• Predicting peak/load

    Fire. Hunger. Drought. Flood. We hold both problems of over-abundance and scarcity on the same planet. These are logistic problems. What are ways we can improve our predictions of systemic stress points in our systems? How can we leverage those predictions to arm first-responders with more time?

  • How is this relevant?

    Schools teach students how things work and skip the part where they explain why those subjects exist at all. If you're learning Calculus, understanding the kinds of problems which led to its invention should be the starting point, not the footnote. Maybe letting students decide what they want to learn based on the kind of problems they want to solve in the world will lead to happier and more productive communities.

  • How do we make it go fast?

    A standard car, with all of its intricate mechanical features, is manufactured every second. Information travels between continents at nearly the speed of light. Yet it takes days to send a wire transfer and hours to run programmatic test suites. Figuring out the theoretical maximum performance of a system and comparing it with its current performance is usually shocking. How much idle waiting can we eliminate by finding ways to make things faster at every layer?

  • Building communities where people are nicer to each other

    A compassionate exhale, a gentle smile, a synchronization of heartbeats. Kindness creates color and fresh energy. We can’t invent our way into kindness. We have to cultivate an environment which allows for it, and patiently help it flourish. It seems some communities are better at this than others. How can we make more of them?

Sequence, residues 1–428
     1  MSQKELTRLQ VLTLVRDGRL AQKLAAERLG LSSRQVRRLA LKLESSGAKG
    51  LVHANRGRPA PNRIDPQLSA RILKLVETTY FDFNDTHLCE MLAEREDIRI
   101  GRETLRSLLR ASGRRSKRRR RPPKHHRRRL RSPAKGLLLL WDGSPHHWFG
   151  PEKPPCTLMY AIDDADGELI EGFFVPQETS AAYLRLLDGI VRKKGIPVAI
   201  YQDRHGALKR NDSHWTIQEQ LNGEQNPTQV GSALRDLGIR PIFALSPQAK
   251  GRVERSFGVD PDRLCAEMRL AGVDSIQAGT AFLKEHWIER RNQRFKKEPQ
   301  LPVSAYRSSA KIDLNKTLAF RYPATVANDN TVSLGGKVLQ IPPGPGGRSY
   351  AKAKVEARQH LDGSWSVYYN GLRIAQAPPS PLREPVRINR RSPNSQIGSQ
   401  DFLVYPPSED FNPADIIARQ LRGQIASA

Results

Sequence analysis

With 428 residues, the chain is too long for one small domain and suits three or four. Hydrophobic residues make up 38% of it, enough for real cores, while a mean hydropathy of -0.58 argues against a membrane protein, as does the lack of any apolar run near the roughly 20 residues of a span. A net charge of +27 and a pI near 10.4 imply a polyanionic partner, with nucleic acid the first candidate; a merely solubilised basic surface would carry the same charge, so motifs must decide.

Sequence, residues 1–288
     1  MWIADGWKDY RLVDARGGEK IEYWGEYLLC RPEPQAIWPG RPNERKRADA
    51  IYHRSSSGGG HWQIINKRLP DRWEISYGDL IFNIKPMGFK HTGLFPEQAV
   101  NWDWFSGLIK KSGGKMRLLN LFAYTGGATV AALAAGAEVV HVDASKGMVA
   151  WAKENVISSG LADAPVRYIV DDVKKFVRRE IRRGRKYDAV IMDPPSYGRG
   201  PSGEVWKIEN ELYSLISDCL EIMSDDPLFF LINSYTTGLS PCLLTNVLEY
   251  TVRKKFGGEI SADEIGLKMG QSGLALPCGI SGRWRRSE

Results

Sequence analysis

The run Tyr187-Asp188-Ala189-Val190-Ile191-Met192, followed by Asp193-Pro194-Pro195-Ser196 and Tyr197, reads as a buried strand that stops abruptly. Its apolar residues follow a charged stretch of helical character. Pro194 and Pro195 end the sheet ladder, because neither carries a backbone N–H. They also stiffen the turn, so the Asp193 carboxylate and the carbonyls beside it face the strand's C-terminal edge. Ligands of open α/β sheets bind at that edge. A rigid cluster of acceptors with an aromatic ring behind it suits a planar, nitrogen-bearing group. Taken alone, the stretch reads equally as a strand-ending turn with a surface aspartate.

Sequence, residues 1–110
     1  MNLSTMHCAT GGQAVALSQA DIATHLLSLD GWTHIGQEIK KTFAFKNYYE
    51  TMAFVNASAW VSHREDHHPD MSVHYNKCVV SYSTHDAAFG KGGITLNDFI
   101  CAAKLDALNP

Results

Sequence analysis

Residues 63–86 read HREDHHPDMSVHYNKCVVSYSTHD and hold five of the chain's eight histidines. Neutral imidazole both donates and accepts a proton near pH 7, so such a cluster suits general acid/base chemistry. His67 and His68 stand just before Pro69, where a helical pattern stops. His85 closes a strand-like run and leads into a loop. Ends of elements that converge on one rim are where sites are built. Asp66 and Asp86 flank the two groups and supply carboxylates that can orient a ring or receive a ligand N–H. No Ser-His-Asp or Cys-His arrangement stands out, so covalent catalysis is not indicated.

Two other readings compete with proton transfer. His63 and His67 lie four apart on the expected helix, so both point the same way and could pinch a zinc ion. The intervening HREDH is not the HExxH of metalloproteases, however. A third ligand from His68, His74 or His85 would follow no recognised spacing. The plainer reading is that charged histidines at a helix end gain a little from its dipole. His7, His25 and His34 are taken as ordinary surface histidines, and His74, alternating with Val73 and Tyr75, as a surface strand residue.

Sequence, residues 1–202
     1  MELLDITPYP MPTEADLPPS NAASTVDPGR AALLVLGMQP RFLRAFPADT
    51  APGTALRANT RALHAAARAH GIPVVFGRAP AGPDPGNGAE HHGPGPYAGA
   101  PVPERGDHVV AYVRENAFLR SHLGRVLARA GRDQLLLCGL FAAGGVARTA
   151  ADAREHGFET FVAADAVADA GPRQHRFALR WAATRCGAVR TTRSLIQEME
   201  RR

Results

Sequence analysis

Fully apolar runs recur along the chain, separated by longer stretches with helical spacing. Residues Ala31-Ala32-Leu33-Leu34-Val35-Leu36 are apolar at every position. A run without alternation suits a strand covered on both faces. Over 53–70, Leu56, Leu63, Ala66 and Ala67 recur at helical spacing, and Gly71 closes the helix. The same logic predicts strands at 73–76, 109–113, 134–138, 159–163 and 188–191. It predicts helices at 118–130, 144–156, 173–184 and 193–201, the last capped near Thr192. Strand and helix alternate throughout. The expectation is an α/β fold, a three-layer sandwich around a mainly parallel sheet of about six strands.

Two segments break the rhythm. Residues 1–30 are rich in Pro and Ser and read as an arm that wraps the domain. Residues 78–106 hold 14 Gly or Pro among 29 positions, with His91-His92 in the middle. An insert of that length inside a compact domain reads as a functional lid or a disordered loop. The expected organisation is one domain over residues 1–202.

• What other things behave like this?

    The most moving parts of my career involve discovering symemetry in seemingly unrelated systems. Richard Feynman describes it best: "And then to discover, if you try to get answers, that they are related to each other – that things that make the wind, make the waves, that the motion of water is like the motion of air is like the motion of sand."

  • Games as a medium for learning about the world

    I love games. They create safe spaces in the world to explore and express. Not all games are made equal. Some are advertised as escapes designed with addictive barbs. Let’s make more games that make us feel things.

  • Using technology to prompt positive behavior

    Through my phone's usage data, I'm certain Apple can tell when I'm having an energized day or an off day. I wish we used more technology to prompt positive behavior. Maybe it'll help people get out of emotional rutts, or help people feel connected with each other by automatically setting reminders for important life events. Deep learning models are especially good at processing multi-dimensional information like this.